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Aguilar, Grace.

Jewish Year, The. Autograph poem signed, with engraved portrait.

Manuscript/Typescript

Original Manuscript Poem
Aguilar, Grace.  The Jewish Year No. 1. [Shabbath Bereishith.] England, ca. 1838-47.  
8vo.; four leaves; ink manuscript; rectos only. Each leaf encased in plastic, boxed together in a specially made quarter-morocco slipcase.
Boxed together with:
Aguilar, Grace. Engraved Portrait.
Manuscript poem, four pages, rhymed couplets, in English with Hebrew transcription of title;  describes the Creation of the World and establishes an intimate relation between each individual Jew and his Maker. First published as one of the thirty-two poems that comprise the appendix to the posthumously published third edition of The Spirit of Judaism (Cincinnati, 1864), her best-known work, in which she takes up this sermons of Isaac Leeser. The manuscript, which varies from the published version only in punctuation, is transcribed in full:
The Jewish Year
No. 1.  
??? ??????
By Grace Aguilar
He spake; th' Almighty spake, & Earth & Heav'n
Started from chaos ne'er again to sleep,
Earth yet was void, no beauteous form was giv'n,
And darkness lay upon the mighty deep.
He spake: Let there be Light! and there was light;
E'en as He spake, the rushing torrent came,
And darkness fled before th' effulgence bright,
The sun & moon were not, 'twas Heaven's own flame.
Again He spake, & then a wide expanse
Stretched forth between the waters; azure sky
Soft, lovely, meet to bless th' admiring glance
That was to gaze, tho' yet it was not nigh.
And yet again, that Voice, and yet again.
Six times it spake-and Earth in richness clad,
Teem'd with new life, that knew nor death nor pain,
And But in the presence of its God, was glad.
[Page 2:]
And fruits, and herbs, and flow'rs, and grass, had sprung
In perfect beauty from the swelling sod,
And sun, and moon, and stars in glory hung,
Resplendant [sic], voiceless, eloquent of God.
And Earth, air, water, filled with joyous life
Each element well fitted to sustain
Its given burden, which no darkling strife
Might dash with sin, or with dull sorrows, chain.
And Man, majestic glorious man was there
The Voice creating rais'd him from the sod
And breath'd into his frame, the vital air
Which mark'd him, dearest, most beloved of God
And at His nod, this was! Let it, 'twas done,
Creation started from unbroken sleep,
And chaos Past, and darkness, gloom was gone,
And Earth was sever'd, from the soundless deep.
And still that God is ours; still oh still His pow'r
Mighty to do and mightier yet to save,
Is ever hovering o'er Life's darkest hour,
To shield, revive, sustain the souls He gave
[Page 3:]
Oh pause not! faint not-ye who seek Him not,
Him deeming all too mighty to look down,
That the small woes, and joys, which mark our lot
Are all too trifling for His smile or frown.
Hear ye His voice appealing from his word.
Unto the faint, the weary, and the worn;
"In righteousness I call thee," saith the Lord,
And I will pitying, bless the souls that mourn,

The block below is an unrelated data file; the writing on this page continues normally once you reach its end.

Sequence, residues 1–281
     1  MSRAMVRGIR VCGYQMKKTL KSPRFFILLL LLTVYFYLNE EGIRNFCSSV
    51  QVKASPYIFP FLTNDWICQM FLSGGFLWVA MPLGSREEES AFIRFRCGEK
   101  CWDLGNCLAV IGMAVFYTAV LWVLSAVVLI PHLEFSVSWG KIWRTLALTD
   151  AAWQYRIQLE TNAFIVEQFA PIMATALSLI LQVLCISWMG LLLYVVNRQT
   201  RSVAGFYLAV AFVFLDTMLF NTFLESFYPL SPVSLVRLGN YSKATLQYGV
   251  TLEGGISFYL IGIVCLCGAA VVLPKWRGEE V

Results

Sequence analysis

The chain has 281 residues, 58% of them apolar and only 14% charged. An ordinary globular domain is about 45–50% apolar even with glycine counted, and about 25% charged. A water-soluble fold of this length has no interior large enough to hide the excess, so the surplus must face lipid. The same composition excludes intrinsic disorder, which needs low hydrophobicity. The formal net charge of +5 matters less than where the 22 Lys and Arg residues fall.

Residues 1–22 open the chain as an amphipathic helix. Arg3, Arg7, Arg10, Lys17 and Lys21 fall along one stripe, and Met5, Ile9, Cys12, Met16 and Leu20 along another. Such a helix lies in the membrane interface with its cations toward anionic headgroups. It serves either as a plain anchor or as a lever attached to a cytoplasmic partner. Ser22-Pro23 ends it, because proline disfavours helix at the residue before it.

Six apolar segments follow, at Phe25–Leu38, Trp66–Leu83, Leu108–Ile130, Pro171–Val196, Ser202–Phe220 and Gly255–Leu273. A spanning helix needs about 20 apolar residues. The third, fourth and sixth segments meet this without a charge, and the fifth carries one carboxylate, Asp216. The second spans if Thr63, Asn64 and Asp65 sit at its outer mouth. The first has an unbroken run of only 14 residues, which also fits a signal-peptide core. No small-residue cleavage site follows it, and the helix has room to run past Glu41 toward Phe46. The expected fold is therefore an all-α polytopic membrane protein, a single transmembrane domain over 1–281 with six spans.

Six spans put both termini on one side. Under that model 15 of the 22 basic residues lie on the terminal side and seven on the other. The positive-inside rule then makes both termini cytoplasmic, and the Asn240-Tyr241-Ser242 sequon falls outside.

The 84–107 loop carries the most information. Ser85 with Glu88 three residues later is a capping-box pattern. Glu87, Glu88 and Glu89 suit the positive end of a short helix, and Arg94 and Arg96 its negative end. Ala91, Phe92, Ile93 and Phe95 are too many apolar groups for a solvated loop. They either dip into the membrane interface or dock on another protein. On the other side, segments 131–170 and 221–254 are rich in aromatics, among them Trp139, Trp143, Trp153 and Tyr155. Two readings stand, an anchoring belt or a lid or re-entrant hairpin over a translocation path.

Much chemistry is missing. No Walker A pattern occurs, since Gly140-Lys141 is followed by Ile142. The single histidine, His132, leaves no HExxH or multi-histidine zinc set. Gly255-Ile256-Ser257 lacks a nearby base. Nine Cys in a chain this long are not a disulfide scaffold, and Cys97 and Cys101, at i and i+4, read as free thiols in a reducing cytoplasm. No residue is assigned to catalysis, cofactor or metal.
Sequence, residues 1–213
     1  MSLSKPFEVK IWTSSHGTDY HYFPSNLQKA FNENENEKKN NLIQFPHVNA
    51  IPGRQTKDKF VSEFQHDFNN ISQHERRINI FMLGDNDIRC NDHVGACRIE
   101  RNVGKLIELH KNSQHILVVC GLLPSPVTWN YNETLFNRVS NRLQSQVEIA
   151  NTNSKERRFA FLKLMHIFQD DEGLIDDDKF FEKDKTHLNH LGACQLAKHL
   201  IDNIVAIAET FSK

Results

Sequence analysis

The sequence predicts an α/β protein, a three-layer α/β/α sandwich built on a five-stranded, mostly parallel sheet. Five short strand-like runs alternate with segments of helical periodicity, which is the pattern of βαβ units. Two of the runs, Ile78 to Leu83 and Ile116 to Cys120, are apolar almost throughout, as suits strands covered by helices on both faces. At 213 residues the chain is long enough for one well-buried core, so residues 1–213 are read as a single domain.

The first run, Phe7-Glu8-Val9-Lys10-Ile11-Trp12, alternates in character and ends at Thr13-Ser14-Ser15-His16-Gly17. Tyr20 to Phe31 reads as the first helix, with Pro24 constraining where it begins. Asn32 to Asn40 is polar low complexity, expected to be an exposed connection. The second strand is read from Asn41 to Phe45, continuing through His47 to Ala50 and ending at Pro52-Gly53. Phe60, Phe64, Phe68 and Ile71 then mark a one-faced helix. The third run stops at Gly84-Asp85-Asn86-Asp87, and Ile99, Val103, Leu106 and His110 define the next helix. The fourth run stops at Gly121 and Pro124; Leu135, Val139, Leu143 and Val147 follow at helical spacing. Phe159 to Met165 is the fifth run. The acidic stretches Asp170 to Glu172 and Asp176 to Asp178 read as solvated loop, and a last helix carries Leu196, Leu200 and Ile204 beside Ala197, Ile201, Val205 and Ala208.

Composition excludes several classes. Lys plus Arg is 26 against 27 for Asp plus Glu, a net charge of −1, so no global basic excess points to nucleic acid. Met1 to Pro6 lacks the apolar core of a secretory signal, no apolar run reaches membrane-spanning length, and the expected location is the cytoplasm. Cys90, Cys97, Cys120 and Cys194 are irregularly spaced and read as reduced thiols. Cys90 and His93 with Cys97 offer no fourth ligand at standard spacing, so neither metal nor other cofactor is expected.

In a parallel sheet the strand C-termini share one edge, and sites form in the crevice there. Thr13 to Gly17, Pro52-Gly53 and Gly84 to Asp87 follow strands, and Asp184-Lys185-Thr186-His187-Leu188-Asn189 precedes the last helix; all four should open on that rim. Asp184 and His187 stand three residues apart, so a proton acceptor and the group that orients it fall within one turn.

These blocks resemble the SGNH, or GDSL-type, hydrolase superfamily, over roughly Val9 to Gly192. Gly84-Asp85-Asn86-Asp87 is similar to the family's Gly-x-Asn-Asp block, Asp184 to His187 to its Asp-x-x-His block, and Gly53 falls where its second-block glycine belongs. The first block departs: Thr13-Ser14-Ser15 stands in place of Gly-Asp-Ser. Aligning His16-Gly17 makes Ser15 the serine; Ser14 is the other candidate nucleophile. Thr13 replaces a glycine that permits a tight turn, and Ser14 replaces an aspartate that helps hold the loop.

"And darkness shall be turn'd for them to light
"And straight, the crooked things, my love shall make,
"Increasing strength, to them that have no might,
"The lone heart cheering, for my great name's sake."
And shall we doubt that word, mistrust His Power?
E'en tho' our paths seem dark, and chaos wild
Enwrap the soul in misery's lonely hour,
Where never light hath shone, no flow'ret smil'd?
He who brought forth, this glorious world from space,
Will at one word, bid sorrows waves be still.
Bid glistening flow'rs the shapeless depths efface
And rushing light, chaotic darkness fill.
[Page 4:]
And as He plac'd His image on the Earth
T'adorn and bless and sweetly speak of Him,
So in each heart, His image will have birth
And breathe of joys, that never may grow dim.
Father oh lift to Thee each sorrowing heart,
Strengthen the faint, and weary to adore
Thy blissful balm, in thy deep love impart
And to fond Hope, the spiritless restore.
Oh let th' effulgence of Thy awful might,
Be lost in the still whisper of Thy love;
Let Mercy veil, Thy too resplendent light
And Pity, lift each yearning soul above.
Grace Aguilar (1816-1847) was born in London to parents of Portugues Marrano descent. Her delicate health precluded her from a formal education, so she was taught at home by her mother and learned Jewish history from her father. A precocious and prolific writer, she began writing at an early age, composing a drama at 12 and moving on to lyric poems at 14. Her first collection of poems, The Magic Wreath (1835), appeared anonymously when she was only 19. After her father died of consumption, she supported her family by publishing fiction and historical writings, many of which took Judaism as a central theme. She was often held up in the late19th and early 20th century as a positive and instructive influence; in 1880 Henry Samuel Morais devoted an entire chapter to her in Eminent Isrealites of the 19th Century, and in 1913, A.S. Isaacs envisioned a year in her youth in The Young Champion (unique copies of both appear in this catalogue).
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